Why WORDS matter

Why words matter

Words are so f-ing powerful. What we read, hear, and say influences how we behave and how we feel. But not many of us really get taught how to harness the power of words, (both spoken out loud or in our own heads) to help recover from mental & physical health issues, or move forward in life.

I personally had no idea about the importance of words until I recovered from years of chronic pain. When i think back, pain was a word that probably took up 90% of my brain space. I had about twenty descriptive words to describe different types of pain (burning, stabbing, throbbing), and if I thought about what I wanted- uhhh simple, “to be pain-free”.

Neurologically, we are starting to understand their impact on shaping our brains, our reality, our identity and our lives. Words link to states of mind, and to how the body responds. To change your state and set yourself up for success, you need to learn how to channel heath-boosting, helpful thoughts. This all starts with words.


Did you know that hearing the word pain actually primes our brain for any incoming stimuli and alters our perception of feeling. We’re all familiar with getting a blood test - the nurse says “don’t worry this wont hurt at all”, BUT there is an issue because the main thing our brain actually may hear and primes for is ‘worry’ and ‘pain’. This can increase all of those physical sensations. YES - crazy, and thats just on a physical level.

What about our own internal dialogue? I mean, we are the only ones who have the ability to influence this. Its the cliche Instagram quote ‘where our focus goes our energy flows’ ; through neuroplasticity, our neural wiring also goes where our focus is. Negative words becomes a harmless habit, but over time can cause a destructive mindset effecting our mind & body.

When you speak to yourself with words and language emphasising what you don’t want (or negative words), you are 1. operating in fear, 2. literally wiring the brain down the wrong route. These words activate the threat driven survival part of the brain associated with nasty stress hormones.

SO, rather than becoming pain-free, getting rid of anxiety, stopping panic attacks, or beating depression; what do you actually want instead?


“This always happens to me” “I’m always down/anxious” “I never get it right”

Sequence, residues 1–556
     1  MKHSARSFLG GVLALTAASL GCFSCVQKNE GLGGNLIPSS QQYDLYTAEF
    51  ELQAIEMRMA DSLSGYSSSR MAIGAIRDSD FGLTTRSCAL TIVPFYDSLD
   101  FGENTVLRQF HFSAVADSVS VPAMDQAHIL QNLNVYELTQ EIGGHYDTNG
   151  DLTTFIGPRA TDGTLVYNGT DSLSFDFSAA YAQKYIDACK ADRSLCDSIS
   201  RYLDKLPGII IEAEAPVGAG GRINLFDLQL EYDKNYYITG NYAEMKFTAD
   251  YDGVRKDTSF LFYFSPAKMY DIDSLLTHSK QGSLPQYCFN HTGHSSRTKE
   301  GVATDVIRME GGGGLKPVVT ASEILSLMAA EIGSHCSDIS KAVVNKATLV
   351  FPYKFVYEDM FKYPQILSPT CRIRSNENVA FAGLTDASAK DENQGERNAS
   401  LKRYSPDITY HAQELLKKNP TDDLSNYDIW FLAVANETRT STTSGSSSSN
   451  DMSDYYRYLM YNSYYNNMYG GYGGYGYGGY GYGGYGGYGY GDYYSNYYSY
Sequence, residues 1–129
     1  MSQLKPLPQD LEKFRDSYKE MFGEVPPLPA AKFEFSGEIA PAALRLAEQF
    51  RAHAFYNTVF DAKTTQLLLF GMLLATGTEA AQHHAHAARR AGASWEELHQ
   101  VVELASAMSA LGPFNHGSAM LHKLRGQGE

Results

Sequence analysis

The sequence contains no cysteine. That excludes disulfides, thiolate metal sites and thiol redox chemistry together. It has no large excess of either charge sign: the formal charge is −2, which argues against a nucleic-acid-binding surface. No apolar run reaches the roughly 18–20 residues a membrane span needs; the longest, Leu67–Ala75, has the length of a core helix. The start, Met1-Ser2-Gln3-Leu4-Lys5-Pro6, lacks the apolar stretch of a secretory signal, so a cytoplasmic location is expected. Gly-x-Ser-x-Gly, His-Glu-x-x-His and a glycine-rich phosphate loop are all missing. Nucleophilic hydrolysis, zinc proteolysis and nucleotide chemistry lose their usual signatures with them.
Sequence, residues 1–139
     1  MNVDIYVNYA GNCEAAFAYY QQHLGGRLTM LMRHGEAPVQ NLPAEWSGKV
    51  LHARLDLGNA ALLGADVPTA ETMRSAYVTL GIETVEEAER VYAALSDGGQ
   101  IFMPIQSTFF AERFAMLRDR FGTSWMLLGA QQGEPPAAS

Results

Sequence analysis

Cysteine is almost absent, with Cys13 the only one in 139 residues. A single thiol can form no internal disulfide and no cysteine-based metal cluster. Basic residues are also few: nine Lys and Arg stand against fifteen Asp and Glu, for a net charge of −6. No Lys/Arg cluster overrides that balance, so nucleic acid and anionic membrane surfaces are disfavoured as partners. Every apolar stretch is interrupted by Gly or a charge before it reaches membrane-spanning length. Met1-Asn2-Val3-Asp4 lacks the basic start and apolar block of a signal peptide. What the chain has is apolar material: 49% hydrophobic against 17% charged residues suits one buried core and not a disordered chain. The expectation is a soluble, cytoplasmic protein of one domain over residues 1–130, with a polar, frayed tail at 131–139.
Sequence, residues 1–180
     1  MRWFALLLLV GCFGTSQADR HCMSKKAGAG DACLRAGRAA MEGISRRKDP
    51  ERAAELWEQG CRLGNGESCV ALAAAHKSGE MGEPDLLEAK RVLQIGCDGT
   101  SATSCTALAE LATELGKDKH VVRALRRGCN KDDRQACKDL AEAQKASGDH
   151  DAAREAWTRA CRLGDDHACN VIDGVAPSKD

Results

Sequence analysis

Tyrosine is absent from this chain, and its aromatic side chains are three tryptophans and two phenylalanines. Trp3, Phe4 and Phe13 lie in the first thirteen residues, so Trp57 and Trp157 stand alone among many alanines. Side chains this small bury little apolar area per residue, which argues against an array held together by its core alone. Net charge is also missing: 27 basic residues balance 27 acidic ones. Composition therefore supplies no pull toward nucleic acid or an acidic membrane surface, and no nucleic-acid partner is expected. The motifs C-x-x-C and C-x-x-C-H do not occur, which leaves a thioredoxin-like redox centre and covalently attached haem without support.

How many people do you know that are so good at speaking like this... we are all guilty of saying generalised sentences (yep including myself sometimes). Be aware of words and sentences that create a sense of permanency - implying that your feelings or the situation have been like that every moment of your life, and will forever stay that way. WRONG.

all, every, always, never, any, everybody, nobody, no one

These words exaggerate the truth and can create false illusions. In the past I would say “I’m over it, the pain is always there”, and if anyone had tried to tell me differently… cya. But, without realising, I was fine when sleeping (funny that), and often fine when I was out with the girls, or even when I was deep into a conversation. I didn’t always feel pain.

Generalising creates our version of reality. By just becoming aware, and making small changes to the words you use can create big difference in the way you feel. Notice how things change when you swap always to often, or even sometimes - the hard times or bad feelings begin to feel less permanent - give it a try! If we don’t always (24/7, 7 days a week) feel anxious, then how do we feel in those other little moments? Step by step you’re collecting empowering evidence.


Its clear that words matter, but so does the tone and speed.

If you are feeling anxious, you will know what the voice inside your head sounds like; it’s probably really fast, really loud, and extremely convincing. Calm and steady words (spoken either from someone else or from ourself) feeds back to the brain that EVERYTHING IS GOOD, which in turn helps switch off the physical stress response.

The opposite sort of thing happens when someone is in a depressive episode, often they speak slower, pause more, and have less variation in tone than those who are not depressed.

Awareness is the first step, and by making small changes tone & speed of our internal dialogue (even if it feels a bit weird at the start), the brain and the body get different feedback, changing the way we feel over time.

Science, Health, WellnessJoanne Whyte